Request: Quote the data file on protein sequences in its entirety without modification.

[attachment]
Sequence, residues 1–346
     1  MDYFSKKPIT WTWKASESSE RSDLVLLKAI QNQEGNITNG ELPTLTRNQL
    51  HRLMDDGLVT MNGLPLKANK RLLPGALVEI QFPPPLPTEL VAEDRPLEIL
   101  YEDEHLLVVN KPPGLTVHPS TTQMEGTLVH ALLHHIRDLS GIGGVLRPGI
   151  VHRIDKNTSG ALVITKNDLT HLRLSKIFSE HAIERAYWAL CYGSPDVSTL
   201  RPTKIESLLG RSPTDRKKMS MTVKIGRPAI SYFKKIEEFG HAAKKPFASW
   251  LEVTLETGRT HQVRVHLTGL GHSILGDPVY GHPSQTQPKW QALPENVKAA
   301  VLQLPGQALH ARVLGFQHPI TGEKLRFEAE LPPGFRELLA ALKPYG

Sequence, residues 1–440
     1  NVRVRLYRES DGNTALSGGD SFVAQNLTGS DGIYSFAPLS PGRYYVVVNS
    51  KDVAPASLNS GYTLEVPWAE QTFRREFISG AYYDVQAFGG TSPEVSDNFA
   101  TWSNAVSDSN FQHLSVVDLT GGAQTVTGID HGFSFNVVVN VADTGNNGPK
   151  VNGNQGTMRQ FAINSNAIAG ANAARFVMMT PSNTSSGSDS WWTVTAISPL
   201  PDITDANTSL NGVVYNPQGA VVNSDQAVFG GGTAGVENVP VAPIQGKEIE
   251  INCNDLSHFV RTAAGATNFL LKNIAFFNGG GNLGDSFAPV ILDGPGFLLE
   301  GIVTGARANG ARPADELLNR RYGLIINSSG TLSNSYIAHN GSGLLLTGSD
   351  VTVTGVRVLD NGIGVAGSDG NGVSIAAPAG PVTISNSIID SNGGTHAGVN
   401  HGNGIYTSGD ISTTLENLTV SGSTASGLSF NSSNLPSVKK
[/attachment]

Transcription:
Sequence, residues 1–346
     1  MDYFSKKPIT WTWKASESSE RSDLVLLKAI QNQEGNITNG ELPTLTRNQL
    51  HRLMDDGLVT MNGLPLKANK RLLPGALVEI QFPPPLPTEL VAEDRPLEIL
   101  YEDEHLLVVN KPPGLTVHPS TTQMEGTLVH ALLHHIRDLS GIGGVLRPGI
   151  VHRIDKNTSG ALVITKNDLT HLRLSKIFSE HAIERAYWAL CYGSPDVSTL
   201  RPTKIESLLG RSPTDRKKMS MTVKIGRPAI SYFKKIEEFG HAAKKPFASW
   251  LEVTLETGRT HQVRVHLTGL GHSILGDPVY GHPSQTQPKW QALPENVKAA
   301  VLQLPGQALH ARVLGFQHPI TGEKLRFEAE LPPGFRELLA ALKPYG

Sequence, residues 1–440
     1  NVRVRLYRES DGNTALSGGD SFVAQNLTGS DGIYSFAPLS PGRYYVVVNS
    51  KDVAPASLNS GYTLEVPWAE QTFRREFISG AYYDVQAFGG TSPEVSDNFA
   101  TWSNAVSDSN FQHLSVVDLT GGAQTVTGID HGFSFNVVVN VADTGNNGPK
   151  VNGNQGTMRQ FAINSNAIAG ANAARFVMMT PSNTSSGSDS WWTVTAISPL
   201  PDITDANTSL NGVVYNPQGA VVNSDQAVFG GGTAGVENVP VAPIQGKEIE
   251  INCNDLSHFV RTAAGATNFL LKNIAFFNGG GNLGDSFAPV ILDGPGFLLE
   301  GIVTGARANG ARPADELLNR RYGLIINSSG TLSNSYIAHN GSGLLLTGSD
   351  VTVTGVRVLD NGIGVAGSDG NGVSIAAPAG PVTISNSIID SNGGTHAGVN
   401  HGNGIYTSGD ISTTLENLTV SGSTASGLSF NSSNLPSVKK